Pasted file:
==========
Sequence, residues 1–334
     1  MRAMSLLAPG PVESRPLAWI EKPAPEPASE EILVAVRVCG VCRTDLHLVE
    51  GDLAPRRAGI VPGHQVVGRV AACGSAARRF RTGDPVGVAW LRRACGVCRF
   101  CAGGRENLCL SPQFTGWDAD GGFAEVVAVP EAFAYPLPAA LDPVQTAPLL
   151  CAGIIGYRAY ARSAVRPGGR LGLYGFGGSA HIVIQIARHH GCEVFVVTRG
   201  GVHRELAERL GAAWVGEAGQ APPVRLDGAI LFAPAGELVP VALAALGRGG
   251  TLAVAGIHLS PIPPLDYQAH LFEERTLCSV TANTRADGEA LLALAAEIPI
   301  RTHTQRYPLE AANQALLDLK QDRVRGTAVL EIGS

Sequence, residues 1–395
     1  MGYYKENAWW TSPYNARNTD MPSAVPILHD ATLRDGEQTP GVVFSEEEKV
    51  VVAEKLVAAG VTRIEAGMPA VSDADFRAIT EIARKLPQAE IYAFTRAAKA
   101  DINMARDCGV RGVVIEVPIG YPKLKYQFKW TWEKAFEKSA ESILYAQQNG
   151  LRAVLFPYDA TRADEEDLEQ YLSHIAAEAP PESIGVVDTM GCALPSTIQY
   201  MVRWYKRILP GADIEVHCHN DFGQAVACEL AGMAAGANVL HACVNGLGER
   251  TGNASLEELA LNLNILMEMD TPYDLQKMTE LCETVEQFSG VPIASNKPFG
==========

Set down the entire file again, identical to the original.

Sequence, residues 1–334
     1  MRAMSLLAPG PVESRPLAWI EKPAPEPASE EILVAVRVCG VCRTDLHLVE
    51  GDLAPRRAGI VPGHQVVGRV AACGSAARRF RTGDPVGVAW LRRACGVCRF
   101  CAGGRENLCL SPQFTGWDAD GGFAEVVAVP EAFAYPLPAA LDPVQTAPLL
   151  CAGIIGYRAY ARSAVRPGGR LGLYGFGGSA HIVIQIARHH GCEVFVVTRG
   201  GVHRELAERL GAAWVGEAGQ APPVRLDGAI LFAPAGELVP VALAALGRGG
   251  TLAVAGIHLS PIPPLDYQAH LFEERTLCSV TANTRADGEA LLALAAEIPI
   301  RTHTQRYPLE AANQALLDLK QDRVRGTAVL EIGS

Sequence, residues 1–395
     1  MGYYKENAWW TSPYNARNTD MPSAVPILHD ATLRDGEQTP GVVFSEEEKV
    51  VVAEKLVAAG VTRIEAGMPA VSDADFRAIT EIARKLPQAE IYAFTRAAKA
   101  DINMARDCGV RGVVIEVPIG YPKLKYQFKW TWEKAFEKSA ESILYAQQNG
   151  LRAVLFPYDA TRADEEDLEQ YLSHIAAEAP PESIGVVDTM GCALPSTIQY
   201  MVRWYKRILP GADIEVHCHN DFGQAVACEL AGMAAGANVL HACVNGLGER
   251  TGNASLEELA LNLNILMEMD TPYDLQKMTE LCETVEQFSG VPIASNKPFG